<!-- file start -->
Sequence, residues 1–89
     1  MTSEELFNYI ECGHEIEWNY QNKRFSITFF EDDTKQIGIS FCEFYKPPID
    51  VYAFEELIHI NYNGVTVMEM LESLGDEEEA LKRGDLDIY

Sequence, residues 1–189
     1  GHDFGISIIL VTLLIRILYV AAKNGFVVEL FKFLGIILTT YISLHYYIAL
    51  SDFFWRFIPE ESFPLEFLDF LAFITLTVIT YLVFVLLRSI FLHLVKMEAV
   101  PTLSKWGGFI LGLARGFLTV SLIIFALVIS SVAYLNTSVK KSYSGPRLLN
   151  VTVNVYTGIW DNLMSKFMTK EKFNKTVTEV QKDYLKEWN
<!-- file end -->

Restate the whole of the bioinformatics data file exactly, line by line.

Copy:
Sequence, residues 1–89
     1  MTSEELFNYI ECGHEIEWNY QNKRFSITFF EDDTKQIGIS FCEFYKPPID
    51  VYAFEELIHI NYNGVTVMEM LESLGDEEEA LKRGDLDIY

Sequence, residues 1–189
     1  GHDFGISIIL VTLLIRILYV AAKNGFVVEL FKFLGIILTT YISLHYYIAL
    51  SDFFWRFIPE ESFPLEFLDF LAFITLTVIT YLVFVLLRSI FLHLVKMEAV
   101  PTLSKWGGFI LGLARGFLTV SLIIFALVIS SVAYLNTSVK KSYSGPRLLN
   151  VTVNVYTGIW DNLMSKFMTK EKFNKTVTEV QKDYLKEWN